By the time I am writing this, I am sure that we are all guilty of playing one dangerous game. That game involves “resting our eyes for a further five minutes” before waking up. This game is successfully orchestrated where we often set our alarms on a five-minute or ten-minute snooze delays depending on our preferred settings. Woe unto you if you are in employment and fail in this game! I do not want to explain how the rest of your day goes. If you are successful in this game, well done to you because you are a winner!


Image Credits: Gizmodo

Okay, let’s move away from the dangerous game and look into other events in our lives. Have you ever been indecisive when faced with certain situations? These situations could involve choosing what to eat in a fancy restaurant, choosing what to wear to special corporate evening dinner, or even seizing the moment to talk to that gorgeous lady that you have been planning to take out on a date. In most instances, indecisiveness makes us settle for less than that which we desire.


Image Credits: 3coze

On another note, indecisiveness makes us ineffective and inefficient. For instance, at your workplace, you may be contemplating on whether you should make a call or send out an e-mail to a particular client. Nonetheless, you could be in a meeting and you feel this burning desire within you to propose a particular point of view but before you know it, the manager has already moved to the next agenda and you are left to “die” with your proposal. Your work could also involve sourcing for new clients, and so you may be on your commute, and you spot a prospective client, but then one thing keeps you from pitching your idea to them. This thing is often indecisiveness that is plagued by the fear of the outcome – rejection.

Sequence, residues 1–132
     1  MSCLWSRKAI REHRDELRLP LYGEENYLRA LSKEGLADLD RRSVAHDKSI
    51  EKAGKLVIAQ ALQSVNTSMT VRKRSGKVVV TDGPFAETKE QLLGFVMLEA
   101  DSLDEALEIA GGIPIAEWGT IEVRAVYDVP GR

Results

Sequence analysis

ALSO READ:  Give up!!!

Besides indecisiveness, there is another type of habit that makes us ineffective and inefficient. This habit is characterized by the feeling of not wanting to do something that you ought to do. Some individuals may call it laziness. For instance, you may walk into your room and find out that there is a quite large pile of laundry that needs to be done or worse still a huge collection of dirty cutlery and utensils. Frequently, you may not feel like cleaning the items especially if there are still clean ones that can be used at the moment.

So what are you to do to overcome the inefficiencies and ineffectiveness that are brought about by indecisiveness and the feeling of not wanting to do what you ought to do? Well, there is a solution. And the answer is simple yet so hard. The solution is this – the 5-second rule. The proponent of this rule is Mel Robbins, a renowned motivational and keynote speaker. In essence, the rule is summarized as follows: “If you have an instinct to act on a goal, you must physically move within 5 seconds, or your brain will kill it.” This means, if you are meant to take a certain action, you ought to act within 5 seconds or else you won’t take any action. To fight the hesitation that often comes before you take a certain action, Robbins proposes that you should count 5-4-3-2-1-GO and move towards action. Easy, you may say. However, the challenge comes because you have to deal with “you,” you who within whom lies all the excuses and the triggers of hesitation! So, you need to push yourself into action the moment you reach the 1-GO stage lest you remain stagnant.